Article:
Taming the noise of whitespace with the right dot files

June 25th 2015 Ian Buchanan in Editors, Git

While I prefer Sublime Text, my colleague, Nicola, prefers Vim. While we both have Macs, I sometimes work on my Windows desktop. Sharing work across these environments sometimes creates a whitespace conflict. Nicola's Vim put tabs to indent in shell script, instead of spaces. Or my Sublime Text on Windows put extra control characters at the end every line of Python. And, unless you are programming with whitespace, then you probably know how painful this can be. Fortunately, there are a couple tools you can use to avoid the most common whitespace problems.

Tabs and spaces

Tabs Spaces or Both

From emacswiki licensed under Creative Commons ShareAlike.

Unfortunately, tabs and spaces don't get along. In some cases, the debate has been settled by an authority. For example, Python says spaces. In other cases, the debate has been settled by the team. For example, Apache says spaces too. It's not my aim to open debate. The problem is that, once settled by people, tools don't always respect the convention.

That's why EditorConfig is wonderful. In the product's own words:

EditorConfig helps developers define and maintain consistent coding styles between different editors and IDEs. The EditorConfig project consists of a file format for defining coding styles and a collection of text editor plugins that enable editors to read the file format and adhere to defined styles. EditorConfig files are easily readable and they work nicely with version control systems.

Here is what might be in the .editorconfig file for a Python project:

charset = utf-8
end_of_line = lf
insert_final_newline = true
trim_trailing_whitespace = true

indent_style = space
indent_size = 4

It uses the common INI-style. Section names in brackets are filepath globs. In the example above, we start matching all files. We want UTF-8 and Linux-style endings. We want a newline at the end of every file. We want whitespace removed from the end of lines. The next section matches typical Python files. In addition to the settings for all files, we want the tab key to create 4 spaces.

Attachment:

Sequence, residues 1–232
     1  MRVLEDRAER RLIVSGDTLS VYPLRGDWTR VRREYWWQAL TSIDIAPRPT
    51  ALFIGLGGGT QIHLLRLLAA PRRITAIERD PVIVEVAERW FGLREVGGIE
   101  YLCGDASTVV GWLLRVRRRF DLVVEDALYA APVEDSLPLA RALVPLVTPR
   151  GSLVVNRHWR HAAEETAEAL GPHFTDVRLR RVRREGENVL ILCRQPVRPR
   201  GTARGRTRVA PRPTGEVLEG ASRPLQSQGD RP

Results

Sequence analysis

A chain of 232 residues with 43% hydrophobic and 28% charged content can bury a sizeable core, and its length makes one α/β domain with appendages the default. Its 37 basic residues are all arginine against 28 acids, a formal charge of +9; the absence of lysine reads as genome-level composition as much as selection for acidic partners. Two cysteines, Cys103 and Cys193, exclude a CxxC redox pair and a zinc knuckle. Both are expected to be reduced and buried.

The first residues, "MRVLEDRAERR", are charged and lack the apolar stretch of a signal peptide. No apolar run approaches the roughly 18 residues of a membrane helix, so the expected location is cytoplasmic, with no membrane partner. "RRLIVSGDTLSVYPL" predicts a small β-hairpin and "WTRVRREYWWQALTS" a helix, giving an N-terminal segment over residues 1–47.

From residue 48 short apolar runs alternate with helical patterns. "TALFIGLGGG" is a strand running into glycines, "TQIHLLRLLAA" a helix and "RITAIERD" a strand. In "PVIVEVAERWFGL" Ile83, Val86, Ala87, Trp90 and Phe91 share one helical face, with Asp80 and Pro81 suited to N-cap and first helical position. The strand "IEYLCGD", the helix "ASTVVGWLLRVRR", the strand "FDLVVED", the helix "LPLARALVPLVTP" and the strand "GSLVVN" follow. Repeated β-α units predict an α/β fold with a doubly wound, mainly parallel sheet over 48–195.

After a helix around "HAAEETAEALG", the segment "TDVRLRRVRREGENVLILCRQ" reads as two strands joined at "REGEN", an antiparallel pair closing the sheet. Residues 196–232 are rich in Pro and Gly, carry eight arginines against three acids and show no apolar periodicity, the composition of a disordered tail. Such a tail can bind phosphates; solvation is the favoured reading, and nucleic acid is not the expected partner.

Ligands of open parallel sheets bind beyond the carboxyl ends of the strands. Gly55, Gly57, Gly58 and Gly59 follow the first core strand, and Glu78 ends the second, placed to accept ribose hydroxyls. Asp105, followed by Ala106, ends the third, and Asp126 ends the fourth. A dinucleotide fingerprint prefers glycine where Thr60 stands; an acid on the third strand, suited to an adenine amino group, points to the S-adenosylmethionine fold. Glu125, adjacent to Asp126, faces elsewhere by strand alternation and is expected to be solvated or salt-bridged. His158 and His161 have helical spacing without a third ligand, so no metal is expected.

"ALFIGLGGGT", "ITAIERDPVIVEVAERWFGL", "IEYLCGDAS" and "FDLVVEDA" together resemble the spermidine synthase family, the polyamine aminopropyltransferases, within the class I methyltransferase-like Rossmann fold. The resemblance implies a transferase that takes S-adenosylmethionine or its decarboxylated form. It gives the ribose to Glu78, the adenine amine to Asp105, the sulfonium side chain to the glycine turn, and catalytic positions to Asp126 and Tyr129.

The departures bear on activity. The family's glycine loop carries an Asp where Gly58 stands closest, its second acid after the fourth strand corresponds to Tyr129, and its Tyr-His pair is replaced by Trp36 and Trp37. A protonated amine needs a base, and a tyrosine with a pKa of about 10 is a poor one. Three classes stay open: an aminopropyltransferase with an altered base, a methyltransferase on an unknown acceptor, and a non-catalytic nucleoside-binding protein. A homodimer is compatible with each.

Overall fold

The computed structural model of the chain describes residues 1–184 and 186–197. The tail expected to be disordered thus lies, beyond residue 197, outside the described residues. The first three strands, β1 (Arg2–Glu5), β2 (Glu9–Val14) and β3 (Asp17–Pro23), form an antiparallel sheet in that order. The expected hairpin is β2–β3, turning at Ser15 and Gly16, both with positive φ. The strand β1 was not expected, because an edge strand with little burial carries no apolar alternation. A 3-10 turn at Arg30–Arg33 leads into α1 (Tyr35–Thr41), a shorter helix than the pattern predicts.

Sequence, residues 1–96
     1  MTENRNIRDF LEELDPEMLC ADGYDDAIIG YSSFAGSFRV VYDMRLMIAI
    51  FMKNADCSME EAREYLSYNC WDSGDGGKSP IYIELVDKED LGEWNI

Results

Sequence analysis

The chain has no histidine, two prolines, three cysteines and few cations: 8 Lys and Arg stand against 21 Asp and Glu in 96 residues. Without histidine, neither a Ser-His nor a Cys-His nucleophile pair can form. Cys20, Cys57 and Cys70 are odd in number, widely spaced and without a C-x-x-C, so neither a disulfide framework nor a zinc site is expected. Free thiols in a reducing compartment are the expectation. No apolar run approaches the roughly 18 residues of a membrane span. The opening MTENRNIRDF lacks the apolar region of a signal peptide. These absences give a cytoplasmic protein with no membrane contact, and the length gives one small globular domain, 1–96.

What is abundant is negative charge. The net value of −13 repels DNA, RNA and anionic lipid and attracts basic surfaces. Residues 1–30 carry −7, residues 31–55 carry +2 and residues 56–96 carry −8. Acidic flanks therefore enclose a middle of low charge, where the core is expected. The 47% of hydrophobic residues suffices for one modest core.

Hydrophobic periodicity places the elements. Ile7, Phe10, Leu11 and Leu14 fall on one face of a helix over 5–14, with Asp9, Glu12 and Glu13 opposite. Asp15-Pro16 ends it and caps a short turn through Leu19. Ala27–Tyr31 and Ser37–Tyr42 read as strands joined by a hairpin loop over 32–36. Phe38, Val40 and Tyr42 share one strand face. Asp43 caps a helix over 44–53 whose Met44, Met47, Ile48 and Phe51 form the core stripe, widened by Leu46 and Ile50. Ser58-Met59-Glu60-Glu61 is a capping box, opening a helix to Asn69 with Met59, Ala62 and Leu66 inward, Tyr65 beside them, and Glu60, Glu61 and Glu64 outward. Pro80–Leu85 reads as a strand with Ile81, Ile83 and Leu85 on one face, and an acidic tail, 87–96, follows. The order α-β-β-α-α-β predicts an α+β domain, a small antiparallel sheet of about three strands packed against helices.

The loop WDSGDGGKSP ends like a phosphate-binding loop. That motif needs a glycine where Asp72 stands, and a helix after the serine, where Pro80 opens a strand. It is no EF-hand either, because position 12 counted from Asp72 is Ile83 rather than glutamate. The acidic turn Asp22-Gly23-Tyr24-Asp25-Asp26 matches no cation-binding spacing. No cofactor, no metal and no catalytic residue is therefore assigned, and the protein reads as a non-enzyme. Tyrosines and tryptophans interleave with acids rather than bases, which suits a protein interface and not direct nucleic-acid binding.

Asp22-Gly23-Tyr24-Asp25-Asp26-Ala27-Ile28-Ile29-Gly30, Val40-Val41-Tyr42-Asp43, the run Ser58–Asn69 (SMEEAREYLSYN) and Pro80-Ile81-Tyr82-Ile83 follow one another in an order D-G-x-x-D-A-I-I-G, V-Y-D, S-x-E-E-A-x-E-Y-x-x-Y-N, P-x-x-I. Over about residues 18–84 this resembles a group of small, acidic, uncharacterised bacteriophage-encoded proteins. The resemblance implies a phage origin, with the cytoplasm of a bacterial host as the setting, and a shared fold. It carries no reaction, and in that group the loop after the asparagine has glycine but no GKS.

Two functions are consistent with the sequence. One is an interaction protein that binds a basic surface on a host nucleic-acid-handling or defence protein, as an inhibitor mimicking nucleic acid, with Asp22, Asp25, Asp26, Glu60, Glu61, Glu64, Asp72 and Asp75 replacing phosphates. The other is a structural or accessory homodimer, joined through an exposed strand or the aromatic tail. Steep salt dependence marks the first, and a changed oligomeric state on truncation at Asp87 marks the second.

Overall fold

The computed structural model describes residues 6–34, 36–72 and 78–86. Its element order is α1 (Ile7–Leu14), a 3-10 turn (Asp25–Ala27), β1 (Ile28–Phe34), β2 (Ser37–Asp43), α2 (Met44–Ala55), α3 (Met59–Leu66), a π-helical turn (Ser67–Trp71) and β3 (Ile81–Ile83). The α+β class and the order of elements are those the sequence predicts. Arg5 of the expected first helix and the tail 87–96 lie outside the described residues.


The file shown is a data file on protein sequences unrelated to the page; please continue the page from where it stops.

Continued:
Once the .editorconfig is checked into version control, anyone who uses a compatible editor will automatically comply with whitespace conventions. Since EditorConfig is not new, there are many compatible editors. For Nicola, there is a Vim Plugin. For me, there is a Sublime Text Plugin. The notable exception is Eclipse but, where there's a will, there's a way.

Windows newlines

While mixing spaces and tabs can be annoying, mixing newline styles can break things. I'm looking at you Bash. Fortunately, Git solves this problem quite well with core.autocrlf. Windows users even have a sensible default that turns it on. Trouble still emerges when people don't use defaults.

If you work on a team where people can use Windows and non-Windows, then you don't need to rely on defaults. You can specify the line endings with .gitattributes. In the simplest case where Git can just manage all line endings, your .gitattributes can be:

* text=auto

Or, you can get specific per file extension with a .gitignore like this:

*.txt       text
*.vcproj    eol=crlf
*.sh        eol=lf
*.jpg       -text

Having been bitten by line endings before, I like to create .gitattributes at the start of a new repo. Most people won't know they need one until after a mix of newlines has gotten into the code. Once you have a proper .gitattributes file, you can apply the settings retroactively to normalize all the files. From the Git documentation about line endings:

$ rm .git/index     # Remove the index to force Git to
$ git reset         # re-scan the working directory
$ git status        # Show files that will be normalized
$ git add -u
$ git add .gitattributes
$ git commit -m "Introduce end-of-line normalization"

Avoid the noise

If you are working on an open source project, I hope the value of these files is obvious. You want to encourage participation without having to scold collaborators for not following your whitespace conventions. If you are working on proprietary source code, you might think there is no need. Please consider the future developers on this project. Will they know how you used whitespace? Better to give some hints in the form of these files.